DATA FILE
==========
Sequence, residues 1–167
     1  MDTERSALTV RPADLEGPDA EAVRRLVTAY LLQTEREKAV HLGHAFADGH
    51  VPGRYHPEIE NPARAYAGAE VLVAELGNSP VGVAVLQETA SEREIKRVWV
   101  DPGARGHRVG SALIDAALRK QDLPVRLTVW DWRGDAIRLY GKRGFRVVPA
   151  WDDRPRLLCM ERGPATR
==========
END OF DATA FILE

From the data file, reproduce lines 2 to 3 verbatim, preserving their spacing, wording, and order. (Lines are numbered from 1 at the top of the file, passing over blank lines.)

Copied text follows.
     1  MDTERSALTV RPADLEGPDA EAVRRLVTAY LLQTEREKAV HLGHAFADGH
    51  VPGRYHPEIE NPARAYAGAE VLVAELGNSP VGVAVLQETA SEREIKRVWV